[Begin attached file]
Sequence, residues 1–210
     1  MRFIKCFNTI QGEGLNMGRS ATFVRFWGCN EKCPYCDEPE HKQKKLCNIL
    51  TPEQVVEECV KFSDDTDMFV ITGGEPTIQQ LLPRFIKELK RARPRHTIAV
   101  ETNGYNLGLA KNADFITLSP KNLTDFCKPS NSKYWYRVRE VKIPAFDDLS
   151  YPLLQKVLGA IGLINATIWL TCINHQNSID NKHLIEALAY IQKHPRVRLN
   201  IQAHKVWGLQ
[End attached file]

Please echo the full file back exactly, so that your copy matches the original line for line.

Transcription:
Sequence, residues 1–210
     1  MRFIKCFNTI QGEGLNMGRS ATFVRFWGCN EKCPYCDEPE HKQKKLCNIL
    51  TPEQVVEECV KFSDDTDMFV ITGGEPTIQQ LLPRFIKELK RARPRHTIAV
   101  ETNGYNLGLA KNADFITLSP KNLTDFCKPS NSKYWYRVRE VKIPAFDDLS
   151  YPLLQKVLGA IGLINATIWL TCINHQNSID NKHLIEALAY IQKHPRVRLN
   201  IQAHKVWGLQ